17. Hi..
    Please create a Didgori battle 50 000 georgians against 400 000 turkey..

    It was a great fight 1125 AC

  18. PLEASE do the Great Siege Of Malta in 1565! That is the FINEST hour of the Hospitaller Knights of Saint John, an order that has spent FAR too much time in the shadow of their brother order, the Knights Templar.

  19. Hi

    Just to let you know you got the name of Valdemar IV Atterdags father wrong.. He's called Christopher II. The first danish king called Christian ascended the throne in 1448.

    Otherwise a well made, short and informative video! Keep up the good work!

  20. Thats not what i learned when going to school in Swedish. The first skrimish was supposed to be at a bridge and the danes found a way to flank them and the Archers during the battle was supposed to be in a monestary at the flank

  21. As a Mideaval historian (Danish) I disapprove of the "history lesson"! For instance: Valdemar Atterdag had been elected king successor (by his father Christoffer – NOT Christian) already back when he turned 15, some parts of Denmark was pawned to the Hanseatic League, but far from all, the Scandic markets was pawned for a limited 15 years period – nothing more. Visby was NEVER ransacked as Valdemar depended on the trade florishing so he could tax the revenues, the Visby inhabitants and the outside farmers DID NOT fight – why would they muster the yeomanry to defend the city if they did! The Danish losses are exaggerated!

  22. This is my second time watching, and I only just realised that his tax level on Jutland was above high at "Valdemar". That's the most beautiful thing I've seen in a while.

  23. The Battle of Salado in XIV century, and for complete the Senguku Jidai colection of battles , the Batles the Sekiguazhara and Nagasino. Please

  24. Valdemar’s rule
    Get married=profits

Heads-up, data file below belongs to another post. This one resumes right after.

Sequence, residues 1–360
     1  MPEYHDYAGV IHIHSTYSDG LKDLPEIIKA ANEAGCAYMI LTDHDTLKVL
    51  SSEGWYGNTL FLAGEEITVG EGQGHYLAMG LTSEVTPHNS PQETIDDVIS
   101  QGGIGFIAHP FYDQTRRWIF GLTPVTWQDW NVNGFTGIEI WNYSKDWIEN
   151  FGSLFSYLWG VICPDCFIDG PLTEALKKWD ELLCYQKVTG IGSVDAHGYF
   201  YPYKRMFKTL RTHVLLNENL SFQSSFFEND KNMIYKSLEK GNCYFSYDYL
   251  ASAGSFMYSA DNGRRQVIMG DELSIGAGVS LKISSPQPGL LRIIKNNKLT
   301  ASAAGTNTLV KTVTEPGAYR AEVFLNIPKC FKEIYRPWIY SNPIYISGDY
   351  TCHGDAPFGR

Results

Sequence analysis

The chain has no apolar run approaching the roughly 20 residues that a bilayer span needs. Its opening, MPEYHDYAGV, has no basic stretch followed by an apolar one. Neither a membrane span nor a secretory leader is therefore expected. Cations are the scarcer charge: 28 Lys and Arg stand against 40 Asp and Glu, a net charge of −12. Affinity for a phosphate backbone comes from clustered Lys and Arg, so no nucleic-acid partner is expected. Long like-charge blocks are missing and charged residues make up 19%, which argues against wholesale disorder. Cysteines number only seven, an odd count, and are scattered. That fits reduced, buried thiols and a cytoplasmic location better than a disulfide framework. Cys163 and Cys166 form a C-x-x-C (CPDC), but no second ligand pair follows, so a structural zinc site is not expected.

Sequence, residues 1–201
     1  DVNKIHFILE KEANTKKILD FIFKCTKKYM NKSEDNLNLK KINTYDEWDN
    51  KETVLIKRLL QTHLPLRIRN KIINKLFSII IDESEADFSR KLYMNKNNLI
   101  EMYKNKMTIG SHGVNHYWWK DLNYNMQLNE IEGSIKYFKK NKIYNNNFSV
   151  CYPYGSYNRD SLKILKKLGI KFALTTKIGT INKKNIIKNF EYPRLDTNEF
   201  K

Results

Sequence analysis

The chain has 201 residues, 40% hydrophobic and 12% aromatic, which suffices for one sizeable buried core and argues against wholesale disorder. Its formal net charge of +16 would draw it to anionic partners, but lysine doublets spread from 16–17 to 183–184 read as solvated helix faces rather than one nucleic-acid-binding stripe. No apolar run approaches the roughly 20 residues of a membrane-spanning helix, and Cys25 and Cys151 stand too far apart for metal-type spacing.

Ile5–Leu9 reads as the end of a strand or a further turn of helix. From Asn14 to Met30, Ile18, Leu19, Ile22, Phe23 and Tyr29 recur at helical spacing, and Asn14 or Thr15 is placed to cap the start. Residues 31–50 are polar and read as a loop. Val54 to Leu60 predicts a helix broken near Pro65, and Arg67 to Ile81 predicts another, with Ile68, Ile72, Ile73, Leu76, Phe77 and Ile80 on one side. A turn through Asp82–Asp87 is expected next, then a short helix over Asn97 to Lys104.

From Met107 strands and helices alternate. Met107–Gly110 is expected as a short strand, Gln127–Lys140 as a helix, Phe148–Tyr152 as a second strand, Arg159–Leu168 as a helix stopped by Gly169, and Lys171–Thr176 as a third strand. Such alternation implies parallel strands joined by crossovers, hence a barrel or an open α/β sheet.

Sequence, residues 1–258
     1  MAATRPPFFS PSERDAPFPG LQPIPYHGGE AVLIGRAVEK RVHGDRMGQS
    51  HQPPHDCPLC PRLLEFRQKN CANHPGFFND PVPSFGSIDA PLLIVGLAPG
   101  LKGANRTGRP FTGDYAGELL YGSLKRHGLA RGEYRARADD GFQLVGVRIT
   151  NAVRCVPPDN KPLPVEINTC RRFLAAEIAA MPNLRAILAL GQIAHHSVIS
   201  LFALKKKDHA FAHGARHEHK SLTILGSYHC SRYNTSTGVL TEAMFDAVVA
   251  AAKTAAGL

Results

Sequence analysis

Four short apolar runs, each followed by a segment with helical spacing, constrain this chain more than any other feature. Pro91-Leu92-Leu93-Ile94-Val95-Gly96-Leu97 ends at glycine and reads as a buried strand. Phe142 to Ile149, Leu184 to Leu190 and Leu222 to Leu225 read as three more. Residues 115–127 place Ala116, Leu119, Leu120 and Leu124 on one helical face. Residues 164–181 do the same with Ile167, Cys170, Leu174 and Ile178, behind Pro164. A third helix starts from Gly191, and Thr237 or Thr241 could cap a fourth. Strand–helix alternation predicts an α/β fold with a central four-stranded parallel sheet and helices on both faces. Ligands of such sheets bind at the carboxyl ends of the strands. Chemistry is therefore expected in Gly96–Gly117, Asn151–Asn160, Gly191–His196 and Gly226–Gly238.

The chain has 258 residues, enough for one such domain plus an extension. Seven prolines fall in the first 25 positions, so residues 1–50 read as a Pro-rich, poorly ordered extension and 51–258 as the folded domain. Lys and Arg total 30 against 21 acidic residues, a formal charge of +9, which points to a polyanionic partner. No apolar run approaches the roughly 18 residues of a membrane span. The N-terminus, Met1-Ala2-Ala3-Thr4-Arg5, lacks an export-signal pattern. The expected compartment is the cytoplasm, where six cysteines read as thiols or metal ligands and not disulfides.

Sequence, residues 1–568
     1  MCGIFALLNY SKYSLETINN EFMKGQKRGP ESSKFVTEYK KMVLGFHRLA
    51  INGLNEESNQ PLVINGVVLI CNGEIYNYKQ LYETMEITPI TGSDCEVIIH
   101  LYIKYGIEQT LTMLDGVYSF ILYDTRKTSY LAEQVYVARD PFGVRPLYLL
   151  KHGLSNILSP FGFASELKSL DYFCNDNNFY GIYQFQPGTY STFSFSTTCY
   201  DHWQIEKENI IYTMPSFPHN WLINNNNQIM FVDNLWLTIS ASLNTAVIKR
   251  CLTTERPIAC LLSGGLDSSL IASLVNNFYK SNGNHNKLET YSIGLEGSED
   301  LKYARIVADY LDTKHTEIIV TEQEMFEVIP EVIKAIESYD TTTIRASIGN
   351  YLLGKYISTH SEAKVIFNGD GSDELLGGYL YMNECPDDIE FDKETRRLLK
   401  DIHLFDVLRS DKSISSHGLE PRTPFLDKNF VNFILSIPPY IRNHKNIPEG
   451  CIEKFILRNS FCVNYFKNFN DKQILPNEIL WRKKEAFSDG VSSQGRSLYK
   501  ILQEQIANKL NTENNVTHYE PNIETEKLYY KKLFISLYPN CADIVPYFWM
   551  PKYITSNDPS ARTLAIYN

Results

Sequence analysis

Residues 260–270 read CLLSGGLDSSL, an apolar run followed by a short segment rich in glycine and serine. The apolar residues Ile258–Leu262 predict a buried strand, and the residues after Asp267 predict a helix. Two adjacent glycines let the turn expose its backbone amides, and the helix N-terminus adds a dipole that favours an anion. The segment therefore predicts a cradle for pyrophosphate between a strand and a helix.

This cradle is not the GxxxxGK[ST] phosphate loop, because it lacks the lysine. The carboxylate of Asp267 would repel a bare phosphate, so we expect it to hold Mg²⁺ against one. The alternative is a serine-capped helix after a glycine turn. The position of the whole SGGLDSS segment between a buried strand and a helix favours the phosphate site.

Buy north Jutland=profits
    Buy southern Jutland=profits
    Buy the Danish islands=profits
    Invade a trading island=profits
    Lose a war=less profits
    Final score=he is still richer than you

  25. I dont understand people who dislike these videos? He is teaching historical battles? Why dislike it? it actually annoys me lol

  26. I saw a video quite some time ago about this battle. Several mass graves of the Gutes militia were found and excavated. Many of the remains showed numerous and deep wounds to the bones, especially the legs.
    It looked like the Danish soldiers would slash at the legs of the Gutes, since they had little to no armour there. Then after they were brought down, the poor souls were mercilessly hacked to death.
    The conclusion was it was a one sided butchery rather than a real battle.

  27. This was pure massacre. Poor peasants trying to protect their land and getting murdered in the process, that's all I see here. Zero honor for the armored and trained soldiers as well as Valdemar. He could have easily found another way, perhaps diplomatically.

  28. Speaking as a combat veteran, as modern combat is horrific……..I think the battles past in world history where even more horrific in every single aspect. I was lucky to be in the war I was in and that in itself is a sad statement to make.